Future of Texas Plumbers' Licensing and Regulation Uncertain After Legislative Impasse
Plumbers in Texas will no longer be subject to state regulations after lawmakers this week flushed the state plumbing code and the Texas State Board of Plumbing Examiners, a state agency that employed dozens and generated $5.2 million in revenue in 2017. Soon, anyone can call themselves a plumber without completing the agency-required education and tests, said Roger Wakefield, master plumber and owner of Texas Green Plumbing in Richardson. Wakefield, who has been a plumber for 40 years, said the industry is now "completely unregulated," and will lead to more unqualified workers entering the workforce. "We're going to put the safety of the homeowners and the public of Texas in jeopardy," he said. "Plumbers install medical gas, they install the potable drinking water that we have every day. If they're not doing it right, people's safety is at risk."
Wakefield said he and other plumbers are calling Texas Gov. Greg Abbott and asking him to order lawmakers back to Austin for a special legislative session to remedy the situation. Abbott's press office did not respond to requests for comment, but the governor indicated on Twitter on Monday that he has no plans to reconvene legislators before the next regular session in 2021.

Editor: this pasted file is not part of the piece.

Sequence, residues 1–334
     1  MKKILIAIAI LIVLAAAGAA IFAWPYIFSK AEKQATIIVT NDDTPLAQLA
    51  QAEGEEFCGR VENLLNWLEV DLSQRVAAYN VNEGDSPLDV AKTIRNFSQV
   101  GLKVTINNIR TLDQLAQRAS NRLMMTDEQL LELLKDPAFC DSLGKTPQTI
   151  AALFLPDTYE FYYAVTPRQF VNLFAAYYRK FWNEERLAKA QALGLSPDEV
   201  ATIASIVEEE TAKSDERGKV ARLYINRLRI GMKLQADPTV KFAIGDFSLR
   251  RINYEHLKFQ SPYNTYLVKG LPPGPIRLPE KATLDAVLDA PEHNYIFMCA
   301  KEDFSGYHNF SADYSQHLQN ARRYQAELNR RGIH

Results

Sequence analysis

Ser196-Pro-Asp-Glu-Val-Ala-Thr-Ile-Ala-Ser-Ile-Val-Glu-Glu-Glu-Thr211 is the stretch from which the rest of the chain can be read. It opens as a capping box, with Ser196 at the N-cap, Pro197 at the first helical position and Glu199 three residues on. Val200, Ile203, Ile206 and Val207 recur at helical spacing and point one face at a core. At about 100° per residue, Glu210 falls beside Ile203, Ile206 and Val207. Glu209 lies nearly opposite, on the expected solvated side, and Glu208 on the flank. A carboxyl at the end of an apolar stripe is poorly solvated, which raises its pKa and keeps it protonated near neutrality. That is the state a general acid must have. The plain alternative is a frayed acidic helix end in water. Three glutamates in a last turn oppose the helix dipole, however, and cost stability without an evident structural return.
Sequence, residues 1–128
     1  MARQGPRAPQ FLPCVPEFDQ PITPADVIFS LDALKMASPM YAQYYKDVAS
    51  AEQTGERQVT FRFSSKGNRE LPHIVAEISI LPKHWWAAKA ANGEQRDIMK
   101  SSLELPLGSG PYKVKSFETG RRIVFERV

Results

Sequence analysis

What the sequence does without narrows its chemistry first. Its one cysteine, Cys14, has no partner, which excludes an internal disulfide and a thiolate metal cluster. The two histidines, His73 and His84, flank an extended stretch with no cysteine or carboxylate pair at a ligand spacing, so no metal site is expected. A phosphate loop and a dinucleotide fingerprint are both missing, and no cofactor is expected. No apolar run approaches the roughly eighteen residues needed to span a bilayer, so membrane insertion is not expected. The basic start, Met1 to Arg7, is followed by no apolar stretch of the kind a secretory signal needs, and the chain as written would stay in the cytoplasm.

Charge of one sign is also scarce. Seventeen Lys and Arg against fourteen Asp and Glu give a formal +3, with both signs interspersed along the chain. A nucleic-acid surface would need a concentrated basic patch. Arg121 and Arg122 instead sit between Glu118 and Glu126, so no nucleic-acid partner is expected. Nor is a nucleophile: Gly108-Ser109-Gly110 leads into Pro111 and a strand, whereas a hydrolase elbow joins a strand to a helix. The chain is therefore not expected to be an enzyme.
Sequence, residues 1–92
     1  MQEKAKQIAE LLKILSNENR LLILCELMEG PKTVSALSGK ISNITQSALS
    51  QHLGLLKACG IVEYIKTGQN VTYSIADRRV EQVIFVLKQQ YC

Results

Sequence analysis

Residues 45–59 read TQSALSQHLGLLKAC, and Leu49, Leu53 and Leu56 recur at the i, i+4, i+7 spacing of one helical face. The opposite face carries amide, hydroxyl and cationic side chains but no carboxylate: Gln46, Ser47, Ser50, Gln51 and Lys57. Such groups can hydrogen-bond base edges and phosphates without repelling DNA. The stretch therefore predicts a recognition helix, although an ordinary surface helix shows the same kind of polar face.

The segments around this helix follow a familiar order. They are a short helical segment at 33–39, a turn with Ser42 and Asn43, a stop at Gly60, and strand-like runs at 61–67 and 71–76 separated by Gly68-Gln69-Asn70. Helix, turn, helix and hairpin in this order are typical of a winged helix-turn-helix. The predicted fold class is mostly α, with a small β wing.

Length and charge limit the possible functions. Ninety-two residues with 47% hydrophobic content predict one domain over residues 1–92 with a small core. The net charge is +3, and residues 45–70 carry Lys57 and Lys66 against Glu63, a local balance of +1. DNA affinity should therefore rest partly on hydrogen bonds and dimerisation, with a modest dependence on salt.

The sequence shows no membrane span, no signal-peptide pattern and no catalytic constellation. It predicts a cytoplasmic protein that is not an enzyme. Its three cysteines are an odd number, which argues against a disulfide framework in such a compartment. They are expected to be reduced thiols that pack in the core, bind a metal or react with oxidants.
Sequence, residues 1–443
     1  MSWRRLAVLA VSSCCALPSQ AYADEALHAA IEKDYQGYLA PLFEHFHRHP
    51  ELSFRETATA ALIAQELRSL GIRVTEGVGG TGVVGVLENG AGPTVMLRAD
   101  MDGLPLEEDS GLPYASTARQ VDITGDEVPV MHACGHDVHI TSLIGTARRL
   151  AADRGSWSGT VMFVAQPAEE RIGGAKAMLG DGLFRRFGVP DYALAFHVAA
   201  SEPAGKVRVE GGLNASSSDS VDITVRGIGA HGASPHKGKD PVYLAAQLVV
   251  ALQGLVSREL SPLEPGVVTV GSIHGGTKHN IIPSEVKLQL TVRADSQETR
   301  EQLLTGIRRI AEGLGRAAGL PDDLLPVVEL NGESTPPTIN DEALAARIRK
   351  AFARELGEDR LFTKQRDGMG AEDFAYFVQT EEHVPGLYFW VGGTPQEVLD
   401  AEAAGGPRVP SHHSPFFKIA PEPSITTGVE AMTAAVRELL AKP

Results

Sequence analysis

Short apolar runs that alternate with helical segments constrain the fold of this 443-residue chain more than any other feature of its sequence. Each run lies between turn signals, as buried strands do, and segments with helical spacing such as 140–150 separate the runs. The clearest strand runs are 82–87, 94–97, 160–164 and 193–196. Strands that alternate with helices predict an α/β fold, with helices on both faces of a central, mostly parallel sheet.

The state plumbing code will cease to exist on Sept. 1 while the state plumbing agency, which had 28 employees as of March, will have a “wind down” period to wrap up operations by September 2020. Several requests for comment left with the state board were not returned.
That entity is responsible for licensing plumbers and enforcing the state plumbing code. The agency was up for what’s known as the sunset review process, when lawmakers periodically assess how efficiently state entities are organized and whether they should continue to exist. Two bills filed during the legislative session that ended Monday would have extended the agency's life.
Senate Bill 621 received pushback from members of the plumbing industry because it would abolish the state board and move its duties under the Texas Department of Licensing and Regulation, a larger agency that oversees more than two-dozen other professions. State Rep. Senfronia Thompson, D-Houston, voiced her opposition to the bill after a committee of House and Senate lawmakers took out her amendment delaying the move of the plumbing board until 2021. The bill failed 57-88. State Rep.Chris Paddie, R-Marshall, later tried to reconsider the vote, but he failed again, 68-76...